The permits finally get approved for the new drain field and while I’m talking to the seller, she lets me know that she is greatly comforted and quite happy that her son is buying the house. 

In a couple more weeks, we get the coveted “clear to close” that everyone in the transaction has been holding their breath for. I called the seller to let her know. She says, “My son already called to tell me. I am so excited for him! And I am elated that we are now speaking daily.” 

Following a grueling two months, we finally closed one of the most emotional transactions of my career and reunited a family who hadn’t spoken in nearly a decade. 

This was a true reminder to me that home is a magical place that brings us together and that we need to forget our silly little grudges because, in the grand scheme of things, that’s all they are, silly little grudges. Let that anger go, and keep your family close. 

Linda Hannon

Linda Hannon, Charles Rutenberg 

Moral of this story: Sometimes it really is a win-win sale. 

My seller decided to take an offer from a buyer we had been working with. This buyer’s husband is long-distance working, so she had to do it on her own. She has a young child, and she’s also pregnant and supposed to be on bed rest. 

She found this house after being under contract with multiple other houses that fell through due to inspection problems and the like. 

This house was pristine. It’s in perfect condition; the sellers had kept it well. The buyer was also going to purchase some of the furniture — and it was perfectly furnished. It showed like a model.

On the final walk-through, the seller let the buyer know they were not going to take any money for the furniture. They had agreed on the price, which was right at the list price, and they felt very happy this family was getting this house. 

The seller had met the buyers early in the process. They probably could have let the process go on for a while and they would have gotten offers above their asking price, but the sellers felt an immediate connection with these buyers. They were happy someone would get the house who would love it as much as they did. 

They felt it was going to be a wonderful fit. 

At closing, the buyer is in tears, the agent’s in tears, we’re all in tears. In this crazy time, it was one of the smoothest, calmest, best closings we’ve had. It was so nice to see something work so perfectly for people. The sellers were happy, the buyers were happy. 

There was so much human connection, instead of everybody trying to beat out somebody else — which I totally understand; that’s our market. 

This one just worked out so smoothly for everybody. To a good end for all parties. 

Tom Milton

Tom Milton, Cornerstone Group

Moral of this story: Keep in mind what we don’t know.

None of us understands it, and I’ve been at this for 30 years. 

For example, I put a house on the market on a Tuesday afternoon, and it was sold the following Wednesday. We’re talking five, six offers in the first few hours.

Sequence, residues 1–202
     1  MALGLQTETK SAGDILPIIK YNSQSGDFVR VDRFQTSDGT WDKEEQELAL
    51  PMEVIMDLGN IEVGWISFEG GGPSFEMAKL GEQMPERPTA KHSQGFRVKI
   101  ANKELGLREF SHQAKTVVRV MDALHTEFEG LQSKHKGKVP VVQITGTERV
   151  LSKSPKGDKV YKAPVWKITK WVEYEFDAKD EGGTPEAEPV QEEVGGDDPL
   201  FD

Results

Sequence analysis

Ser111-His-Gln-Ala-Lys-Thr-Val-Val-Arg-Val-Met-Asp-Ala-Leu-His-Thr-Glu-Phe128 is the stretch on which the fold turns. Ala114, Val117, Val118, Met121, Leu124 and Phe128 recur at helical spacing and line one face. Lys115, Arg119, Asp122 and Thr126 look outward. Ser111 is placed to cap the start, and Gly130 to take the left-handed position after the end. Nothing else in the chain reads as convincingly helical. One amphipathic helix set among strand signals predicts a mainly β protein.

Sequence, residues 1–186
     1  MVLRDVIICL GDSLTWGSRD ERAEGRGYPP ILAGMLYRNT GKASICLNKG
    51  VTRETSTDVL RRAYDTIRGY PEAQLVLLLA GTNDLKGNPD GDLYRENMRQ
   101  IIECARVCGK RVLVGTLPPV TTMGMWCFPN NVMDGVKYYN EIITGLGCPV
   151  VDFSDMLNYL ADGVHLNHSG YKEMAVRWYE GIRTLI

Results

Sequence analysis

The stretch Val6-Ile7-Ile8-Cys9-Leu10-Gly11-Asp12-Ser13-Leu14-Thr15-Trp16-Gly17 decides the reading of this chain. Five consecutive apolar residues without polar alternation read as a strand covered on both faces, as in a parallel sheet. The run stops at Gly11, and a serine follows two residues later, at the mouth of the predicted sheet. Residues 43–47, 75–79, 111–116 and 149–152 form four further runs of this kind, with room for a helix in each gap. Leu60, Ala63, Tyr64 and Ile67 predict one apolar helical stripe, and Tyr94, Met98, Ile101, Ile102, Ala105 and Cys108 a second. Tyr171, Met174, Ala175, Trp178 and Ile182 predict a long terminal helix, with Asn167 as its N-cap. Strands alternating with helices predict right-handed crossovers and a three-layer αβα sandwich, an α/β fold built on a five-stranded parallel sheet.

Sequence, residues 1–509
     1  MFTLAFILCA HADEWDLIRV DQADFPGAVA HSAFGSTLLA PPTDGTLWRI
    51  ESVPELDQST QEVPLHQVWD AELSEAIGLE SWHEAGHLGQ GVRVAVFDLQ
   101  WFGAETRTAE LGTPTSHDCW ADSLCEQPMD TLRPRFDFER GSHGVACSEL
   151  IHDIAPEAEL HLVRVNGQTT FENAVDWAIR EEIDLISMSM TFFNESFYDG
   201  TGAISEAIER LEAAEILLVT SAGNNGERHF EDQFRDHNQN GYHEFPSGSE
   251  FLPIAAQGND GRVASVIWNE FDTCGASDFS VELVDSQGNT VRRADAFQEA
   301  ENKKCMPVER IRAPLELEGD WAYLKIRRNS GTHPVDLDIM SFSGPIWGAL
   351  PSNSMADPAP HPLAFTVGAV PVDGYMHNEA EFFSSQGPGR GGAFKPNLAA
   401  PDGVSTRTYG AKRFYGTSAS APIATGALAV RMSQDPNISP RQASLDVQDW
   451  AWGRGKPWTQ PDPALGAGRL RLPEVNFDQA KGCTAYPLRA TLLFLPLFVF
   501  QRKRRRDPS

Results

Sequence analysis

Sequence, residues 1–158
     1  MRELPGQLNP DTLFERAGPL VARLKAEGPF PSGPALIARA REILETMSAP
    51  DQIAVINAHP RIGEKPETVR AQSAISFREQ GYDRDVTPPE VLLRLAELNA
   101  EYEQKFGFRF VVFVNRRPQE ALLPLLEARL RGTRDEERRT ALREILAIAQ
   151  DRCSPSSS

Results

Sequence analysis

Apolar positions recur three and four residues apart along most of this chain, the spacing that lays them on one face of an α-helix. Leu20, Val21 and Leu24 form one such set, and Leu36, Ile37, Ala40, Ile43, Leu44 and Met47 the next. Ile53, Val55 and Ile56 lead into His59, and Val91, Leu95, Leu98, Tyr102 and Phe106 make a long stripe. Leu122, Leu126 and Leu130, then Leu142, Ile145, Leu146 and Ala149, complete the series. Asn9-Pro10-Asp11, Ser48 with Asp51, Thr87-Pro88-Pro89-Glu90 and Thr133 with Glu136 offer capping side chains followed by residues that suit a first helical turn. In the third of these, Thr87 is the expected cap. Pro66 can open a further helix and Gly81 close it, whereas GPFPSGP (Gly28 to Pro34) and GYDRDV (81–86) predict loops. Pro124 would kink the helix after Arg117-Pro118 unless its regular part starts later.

I’ve got a personal policy that we want somebody to come look at the house before they make an offer. So often, people will go online and say “I wanna buy that house,” but when they actually get to see it, they change their mind. It’s a big waste of time. There’s a difference between seeing and walking around a house and seeing it on the internet. 

It’s great for getting information, but not for buying homes. People need to come see the property.

Besides, here’s the reality: You’re not just buying a house or renting a house, you’re buying or renting a neighborhood. 

With this listing, I didn’t need to schedule showings, because it was vacant. I just had people go directly to the property, and, boy, they did. We had close to a dozen showings. 

It sold above the list price. And that’s the other problem I’ve been seeing. Everybody’s offering more in hopes of getting the property they want, and we’re starting to see something we haven’t seen in years, called an “escalation clause,” where the buyer says, “I’m willing to pay more than the highest offer you get, up to a certain amount.” 

The last time I’ve personally seen anything like this was around 2005 or 2006, when the market started heating up. 

Of course, none of us knows what the future’s going to bring or where the market’s going to go. There’s just no way to know that. I’m a firm believer in what goes up must come down 

Grace Gutierrez

Grace Gutierrez, Central Florida Home Pros

Moral of this story: Sometimes it’s a matter of principle, not profit.

I had a seller who listed a home at the top of the range, based on recently sold comparable homes. This home was priced in the low $200,000s and, of course, had many offers. The offer chosen was an all-cash offer, no inspection or appraisal contingencies, and was $13,000 more than the asking price. 

The seller was not happy, and wanted the buyer to pay some of the closing costs. 

I explained in great detail and in so many different ways that the buyer was offering $13,000 over asking, so, in all actuality, the buyer was paying a large portion of the seller’s closing costs. 

But, to make the seller happy and accept the offer, the buyer’s agent and I drafted an addendum that changed the offer to the asking price and added that the buyer would pay $10,000 toward the seller’s closing costs. 

The buyer signed off on this, and the house closed. I explained so many times that this resulted in $3,000 less to the seller, but they just could not see it. 

But, in the end, the seller and the buyer were happy.

Robert Aponte

Robert Aponte, Central Florida Home Pros

Moral of this story: There’s more than price and offer to consider.

I recently had a seller list their home. Of course, it had multiple offers, and went pending over the asking price. 

As the transaction progressed, the home inspection revealed a few items of a magnitude significant enough to jeopardize a normal sale. The appraisal came in just short of the offer price, but well over the listing price. The seller stated they did not want to make any repairs, and did not want to lower the price to meet the appraisal price.